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Tension different in different directions when FMQ?? Can we discuss? >

Tension different in different directions when FMQ?? Can we discuss?

Tension different in different directions when FMQ?? Can we discuss?

Old 02-27-2018, 03:15 PM
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If I go too fast on tight curves or circles my stitches won't look good. I try to relax and not get too uptight. If you are tense it shows in the stitches. I was switching between to straight stitch machines. Foot pedals are different, now I just use the Juki because I like that pedal the best. The other I use for piecing. Works best for me.
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Old 02-28-2018, 03:24 AM
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I have mostly abandoned FMQ as it causes me too much stress. When I want loopy or curvy, I either hand quilt or send it to a long armer. Leah Day's new book on walking foot quilting which has become my Bible. She offers quite a few alternatives to stitch in the ditch.
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Old 02-28-2018, 04:43 AM
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I know that when I FMQ on my domestic 40-year-old Kenmore, I tend to "push" or "pull" the quilt, and when I go sideways I get eyelashes, and I think it's because my speed is slightly different for each of these actions. What helps is to take a deep breath and make a conscious effort to calm down and maintain a constant pressure and speed. Certainly has eliminated the eyelash issues for me.
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Old 02-28-2018, 06:16 AM
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It was using a larger needle that helped me.
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Old 02-28-2018, 11:15 AM
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I agree with concentrating on moving at a steady speed. I always used to speed up on my curves and then got eyelashes. Once I learned to move at a steady speed throughout my FMQ, things got a lot better. I'm working at perfecting mine now and I've learned it's practice, practice, practice. I also find the sometimes as I'm going along examining things very closely, they don't look good to me. But when the project is completed, they seem fine. And, yes, I am my own worst critic.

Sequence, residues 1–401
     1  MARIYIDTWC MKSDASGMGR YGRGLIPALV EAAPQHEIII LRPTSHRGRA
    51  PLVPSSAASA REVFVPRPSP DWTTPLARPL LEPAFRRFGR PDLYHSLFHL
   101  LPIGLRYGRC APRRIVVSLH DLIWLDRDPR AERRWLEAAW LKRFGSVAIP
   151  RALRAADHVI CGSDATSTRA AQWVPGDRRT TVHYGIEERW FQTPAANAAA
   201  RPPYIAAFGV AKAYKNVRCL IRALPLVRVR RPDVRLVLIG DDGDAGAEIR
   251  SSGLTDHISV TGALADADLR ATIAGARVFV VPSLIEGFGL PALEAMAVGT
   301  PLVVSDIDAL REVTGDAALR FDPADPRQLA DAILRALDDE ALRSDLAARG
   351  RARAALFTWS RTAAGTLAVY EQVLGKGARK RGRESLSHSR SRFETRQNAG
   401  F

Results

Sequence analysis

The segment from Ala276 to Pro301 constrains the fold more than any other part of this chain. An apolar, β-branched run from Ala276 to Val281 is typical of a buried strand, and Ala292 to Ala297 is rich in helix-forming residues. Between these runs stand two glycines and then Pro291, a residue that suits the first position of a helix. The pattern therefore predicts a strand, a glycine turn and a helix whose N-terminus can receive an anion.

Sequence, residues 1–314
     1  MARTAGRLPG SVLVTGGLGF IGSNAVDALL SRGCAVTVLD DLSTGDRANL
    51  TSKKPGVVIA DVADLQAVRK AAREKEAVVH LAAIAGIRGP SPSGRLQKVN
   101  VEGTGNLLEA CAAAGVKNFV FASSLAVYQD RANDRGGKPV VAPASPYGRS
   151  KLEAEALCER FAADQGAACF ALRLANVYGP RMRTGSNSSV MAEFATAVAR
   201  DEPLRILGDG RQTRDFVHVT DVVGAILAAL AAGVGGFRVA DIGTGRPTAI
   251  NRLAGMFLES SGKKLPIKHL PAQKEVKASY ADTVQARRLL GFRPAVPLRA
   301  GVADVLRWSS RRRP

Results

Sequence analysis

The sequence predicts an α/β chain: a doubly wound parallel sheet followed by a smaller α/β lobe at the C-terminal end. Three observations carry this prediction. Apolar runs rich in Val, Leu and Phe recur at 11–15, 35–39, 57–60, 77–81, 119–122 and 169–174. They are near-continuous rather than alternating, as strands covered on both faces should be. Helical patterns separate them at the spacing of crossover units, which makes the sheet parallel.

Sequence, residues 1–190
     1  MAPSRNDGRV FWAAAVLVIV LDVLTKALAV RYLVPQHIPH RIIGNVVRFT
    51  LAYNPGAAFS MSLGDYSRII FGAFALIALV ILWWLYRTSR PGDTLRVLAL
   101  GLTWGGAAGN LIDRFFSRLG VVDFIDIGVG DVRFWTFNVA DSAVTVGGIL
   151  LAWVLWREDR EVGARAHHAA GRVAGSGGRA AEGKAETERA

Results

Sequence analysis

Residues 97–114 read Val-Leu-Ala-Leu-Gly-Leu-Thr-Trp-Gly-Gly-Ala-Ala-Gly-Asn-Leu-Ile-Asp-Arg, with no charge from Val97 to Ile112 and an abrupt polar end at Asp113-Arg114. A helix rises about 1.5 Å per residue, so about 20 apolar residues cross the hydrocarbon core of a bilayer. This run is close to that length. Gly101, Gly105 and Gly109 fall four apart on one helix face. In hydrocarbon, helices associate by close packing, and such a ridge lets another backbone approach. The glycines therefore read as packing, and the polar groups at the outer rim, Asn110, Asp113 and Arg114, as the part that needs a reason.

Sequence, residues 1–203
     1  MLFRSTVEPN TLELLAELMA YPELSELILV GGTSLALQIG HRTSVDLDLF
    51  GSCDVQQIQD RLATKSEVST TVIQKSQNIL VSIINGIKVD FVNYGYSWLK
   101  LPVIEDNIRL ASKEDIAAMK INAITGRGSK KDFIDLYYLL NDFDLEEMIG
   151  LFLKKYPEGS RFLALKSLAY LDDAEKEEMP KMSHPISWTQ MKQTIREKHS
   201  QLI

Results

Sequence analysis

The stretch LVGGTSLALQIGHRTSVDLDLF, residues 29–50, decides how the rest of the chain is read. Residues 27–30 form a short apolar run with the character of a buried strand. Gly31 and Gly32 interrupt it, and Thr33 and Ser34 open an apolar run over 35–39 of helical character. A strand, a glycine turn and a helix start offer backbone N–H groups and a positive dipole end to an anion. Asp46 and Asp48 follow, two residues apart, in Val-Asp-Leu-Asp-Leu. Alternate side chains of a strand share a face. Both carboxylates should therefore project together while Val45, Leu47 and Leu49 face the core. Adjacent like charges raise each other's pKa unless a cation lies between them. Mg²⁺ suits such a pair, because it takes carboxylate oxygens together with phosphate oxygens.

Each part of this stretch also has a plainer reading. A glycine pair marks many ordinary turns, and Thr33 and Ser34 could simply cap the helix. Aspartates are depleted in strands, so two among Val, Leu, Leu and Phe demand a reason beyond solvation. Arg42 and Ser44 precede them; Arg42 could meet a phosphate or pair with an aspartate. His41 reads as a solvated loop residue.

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Old 02-28-2018, 01:28 PM
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Originally Posted by Mkotch View Post
I have mostly abandoned FMQ as it causes me too much stress. When I want loopy or curvy, I either hand quilt or send it to a long armer. Leah Day's new book on walking foot quilting which has become my Bible. She offers quite a few alternatives to stitch in the ditch.

I pretty much abandoned it too, but in it's place I use my decorative stitches. I know, I know it is cheating, but whatever works, right? I won't pay someone else to quilt mine as I give them all to a private home where the owners let homeless people sleep. I have given them about 60 now, so you can imagine the cost of sending my quilts out. Besides that, they really are not show quilts.

I like using the decorative stitches. I do QAYG, so every block I use different stitches. I don't use the ones that are dense of course, for obvious reasons. Blessings to you.
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Old 02-28-2018, 11:25 PM
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Does it happen on a “test sample sandwich” or just a heavy quilt?
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Old 03-01-2018, 01:07 PM
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Wow, thanks for tall the thoughtful posts! It's a Brother 1500 which I think is a straight stitch machine. I've played with the tension but really doesn't make much difference. I have a small Patchwork Bernina, 350 Quilter's Edition which I only do piecing on, but I'll admit I'm curious.

I could try a larger needle. I do sort of worry that it will make a larger hole but I'm willing to try it!
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Old 03-03-2018, 06:44 AM